Ultima Thule

In ancient times the northernmost region of the habitable world - hence, any distant, unknown or mysterious land.

Wednesday, May 10, 2006

Bush Holds Firm to Drug Benefit Deadline

By Aussiegirl

Just a few short weeks ago we were deriding the French for being so attached to the nanny state teat that they rioted rather than give up their bennies. Just to demonstrate what a one-way ticket to perdition socialism is, I have a question to ask: if it was proven that this program would bankrupt the national budget-which it will according to Bruce Bartlett -- how many would be willing to give up these benefits? Or do people feel entitled no matter what? Why should drugs be free? People need food too -- why shouldn't that be subsidized by the government? How about home heating? You can get by without some prescriptions (and you might be more healthy) but you sure can't get by without food. This is one program that should be means tested so that only needy people are eligible. There are plenty of well-off seniors who can afford their own meds. Where did we get this idea that health care should be free for seniors? And how about children buying some meds for their parents? Sadly, it's the seniors who are leading us all down the road to entitlement, socialism and eventual bankruptcy.

Guardian Unlimited | World Latest | Bush Holds Firm to Drug Benefit Deadline

Associated Press Writer

SUN CITY CENTER, Fla. (AP) - President Bush has heard pleas for an extension of the deadline to sign up for new Medicare drug coverage from lawmakers, seniors advocacy groups and finally two women in his audience Tuesday. He's rejected them all.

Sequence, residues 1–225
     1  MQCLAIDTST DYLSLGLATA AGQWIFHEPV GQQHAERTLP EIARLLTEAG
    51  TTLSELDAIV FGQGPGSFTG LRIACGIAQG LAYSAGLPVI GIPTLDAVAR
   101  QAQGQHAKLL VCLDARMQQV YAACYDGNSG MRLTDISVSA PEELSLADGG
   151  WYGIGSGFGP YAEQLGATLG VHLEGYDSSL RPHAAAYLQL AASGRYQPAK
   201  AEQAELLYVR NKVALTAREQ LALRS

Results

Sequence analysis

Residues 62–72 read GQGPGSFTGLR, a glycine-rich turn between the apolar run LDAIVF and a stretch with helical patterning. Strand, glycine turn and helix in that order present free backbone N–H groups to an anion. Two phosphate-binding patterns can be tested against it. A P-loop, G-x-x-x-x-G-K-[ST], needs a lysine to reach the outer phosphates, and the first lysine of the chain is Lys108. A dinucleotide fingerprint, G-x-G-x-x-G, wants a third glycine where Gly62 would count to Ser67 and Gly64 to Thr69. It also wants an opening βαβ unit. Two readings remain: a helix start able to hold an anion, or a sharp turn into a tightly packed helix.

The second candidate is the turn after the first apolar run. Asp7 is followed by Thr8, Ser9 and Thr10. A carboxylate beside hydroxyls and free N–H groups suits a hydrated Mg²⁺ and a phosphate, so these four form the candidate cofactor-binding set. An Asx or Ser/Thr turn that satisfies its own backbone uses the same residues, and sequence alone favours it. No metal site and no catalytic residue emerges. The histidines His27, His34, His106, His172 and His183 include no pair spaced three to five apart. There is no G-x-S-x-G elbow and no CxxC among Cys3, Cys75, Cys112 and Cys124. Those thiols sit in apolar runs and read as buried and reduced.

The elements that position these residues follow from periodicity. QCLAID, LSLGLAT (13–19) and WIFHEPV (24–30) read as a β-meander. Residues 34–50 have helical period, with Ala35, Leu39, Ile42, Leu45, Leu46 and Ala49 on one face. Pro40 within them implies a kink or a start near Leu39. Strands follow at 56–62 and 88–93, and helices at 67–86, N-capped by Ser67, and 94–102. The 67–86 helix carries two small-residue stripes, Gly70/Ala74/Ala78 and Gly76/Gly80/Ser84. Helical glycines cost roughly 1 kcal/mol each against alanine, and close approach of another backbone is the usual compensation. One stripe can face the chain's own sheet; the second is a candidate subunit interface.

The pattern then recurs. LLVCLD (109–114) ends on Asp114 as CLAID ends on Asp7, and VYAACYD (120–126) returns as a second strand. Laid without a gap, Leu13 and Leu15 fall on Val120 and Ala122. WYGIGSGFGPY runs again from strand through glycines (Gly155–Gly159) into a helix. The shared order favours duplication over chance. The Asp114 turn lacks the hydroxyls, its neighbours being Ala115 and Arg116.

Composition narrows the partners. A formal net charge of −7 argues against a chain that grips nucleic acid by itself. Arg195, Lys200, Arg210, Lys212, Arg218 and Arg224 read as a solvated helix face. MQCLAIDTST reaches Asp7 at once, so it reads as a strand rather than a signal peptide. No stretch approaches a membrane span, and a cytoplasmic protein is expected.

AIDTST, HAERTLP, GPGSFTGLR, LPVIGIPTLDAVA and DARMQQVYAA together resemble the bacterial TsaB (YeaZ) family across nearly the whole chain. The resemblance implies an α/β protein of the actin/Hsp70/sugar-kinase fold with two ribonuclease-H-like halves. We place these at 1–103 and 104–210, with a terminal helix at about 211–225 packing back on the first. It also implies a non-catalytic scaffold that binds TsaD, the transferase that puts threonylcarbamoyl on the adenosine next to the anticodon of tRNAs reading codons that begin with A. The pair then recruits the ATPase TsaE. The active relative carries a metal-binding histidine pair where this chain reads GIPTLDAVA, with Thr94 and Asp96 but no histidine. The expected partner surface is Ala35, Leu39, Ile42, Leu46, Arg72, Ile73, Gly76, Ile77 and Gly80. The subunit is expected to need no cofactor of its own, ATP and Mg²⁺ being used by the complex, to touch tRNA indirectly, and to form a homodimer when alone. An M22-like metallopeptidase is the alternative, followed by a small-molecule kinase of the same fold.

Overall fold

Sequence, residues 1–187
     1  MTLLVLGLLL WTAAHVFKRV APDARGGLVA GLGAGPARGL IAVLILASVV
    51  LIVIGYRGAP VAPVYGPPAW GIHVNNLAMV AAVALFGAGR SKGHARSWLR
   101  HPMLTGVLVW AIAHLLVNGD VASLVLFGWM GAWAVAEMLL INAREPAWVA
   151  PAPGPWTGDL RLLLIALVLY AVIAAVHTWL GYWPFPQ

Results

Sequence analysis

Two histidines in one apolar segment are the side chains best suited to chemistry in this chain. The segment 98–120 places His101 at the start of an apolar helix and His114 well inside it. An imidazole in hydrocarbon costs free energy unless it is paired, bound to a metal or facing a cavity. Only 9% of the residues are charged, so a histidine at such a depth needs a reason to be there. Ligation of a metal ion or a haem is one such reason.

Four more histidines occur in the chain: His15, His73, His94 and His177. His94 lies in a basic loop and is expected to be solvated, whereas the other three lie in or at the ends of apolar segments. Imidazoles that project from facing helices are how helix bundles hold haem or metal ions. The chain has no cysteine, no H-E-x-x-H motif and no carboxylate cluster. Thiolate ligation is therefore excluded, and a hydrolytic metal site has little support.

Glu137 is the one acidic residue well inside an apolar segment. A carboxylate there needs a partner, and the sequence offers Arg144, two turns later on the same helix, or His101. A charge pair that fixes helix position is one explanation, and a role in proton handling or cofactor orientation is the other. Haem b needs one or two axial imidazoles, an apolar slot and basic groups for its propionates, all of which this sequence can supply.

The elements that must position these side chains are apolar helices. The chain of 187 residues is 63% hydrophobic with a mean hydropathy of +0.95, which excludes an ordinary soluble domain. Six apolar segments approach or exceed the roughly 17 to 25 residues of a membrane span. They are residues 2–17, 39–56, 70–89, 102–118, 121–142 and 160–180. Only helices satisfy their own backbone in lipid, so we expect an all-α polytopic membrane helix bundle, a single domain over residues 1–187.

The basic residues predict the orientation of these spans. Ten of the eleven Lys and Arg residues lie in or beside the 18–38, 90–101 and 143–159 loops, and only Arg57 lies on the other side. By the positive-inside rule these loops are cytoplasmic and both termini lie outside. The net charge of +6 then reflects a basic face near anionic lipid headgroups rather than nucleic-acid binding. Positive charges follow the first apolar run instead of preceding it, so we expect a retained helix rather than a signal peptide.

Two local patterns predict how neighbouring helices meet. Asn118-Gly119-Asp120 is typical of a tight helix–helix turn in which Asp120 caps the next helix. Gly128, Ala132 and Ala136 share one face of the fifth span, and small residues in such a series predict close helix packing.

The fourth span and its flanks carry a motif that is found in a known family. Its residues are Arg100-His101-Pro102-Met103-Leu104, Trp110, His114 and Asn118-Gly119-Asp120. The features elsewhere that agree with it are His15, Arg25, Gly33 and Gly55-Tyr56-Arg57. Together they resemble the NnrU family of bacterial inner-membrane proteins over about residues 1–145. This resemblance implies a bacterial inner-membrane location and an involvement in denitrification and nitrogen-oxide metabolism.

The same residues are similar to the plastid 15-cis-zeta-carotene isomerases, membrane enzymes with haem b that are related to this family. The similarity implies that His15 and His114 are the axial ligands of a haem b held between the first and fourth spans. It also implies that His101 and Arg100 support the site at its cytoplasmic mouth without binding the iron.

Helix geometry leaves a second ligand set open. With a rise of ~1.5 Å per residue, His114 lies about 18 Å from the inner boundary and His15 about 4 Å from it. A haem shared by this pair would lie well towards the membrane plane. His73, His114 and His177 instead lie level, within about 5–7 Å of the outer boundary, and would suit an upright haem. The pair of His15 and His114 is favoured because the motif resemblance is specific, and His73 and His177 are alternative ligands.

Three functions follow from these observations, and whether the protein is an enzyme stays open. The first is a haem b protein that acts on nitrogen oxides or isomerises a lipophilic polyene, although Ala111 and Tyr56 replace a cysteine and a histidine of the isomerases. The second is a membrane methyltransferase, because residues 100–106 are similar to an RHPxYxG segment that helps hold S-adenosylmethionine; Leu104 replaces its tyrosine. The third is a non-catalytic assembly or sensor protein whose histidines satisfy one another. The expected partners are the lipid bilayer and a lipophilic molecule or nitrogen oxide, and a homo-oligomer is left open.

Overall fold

``Deadlines are important,'' the president said at a retirement community, less than a week before the last day for most seniors and the disabled to enroll in the program without facing higher prices. ``Deadlines help people understand there's finality and people need to get after it.'' [....]

Bush's aggressive promotion of the Medicare benefit - and his refusal to push back the deadline - is likely about politics as much as policy.

The White House and congressional Republicans are hoping that the glitches of the program's early days and the confusing signup process will have faded to a distant memory by the fall midterm elections, replaced by widespread satisfaction with having help from Medicare with prescription drug costs for the first time.

As the controlling party in Congress, Republicans hope seniors - who play an outsize role in non-presidential elections - will give them credit in the voting booth for enacting a popular new benefit.


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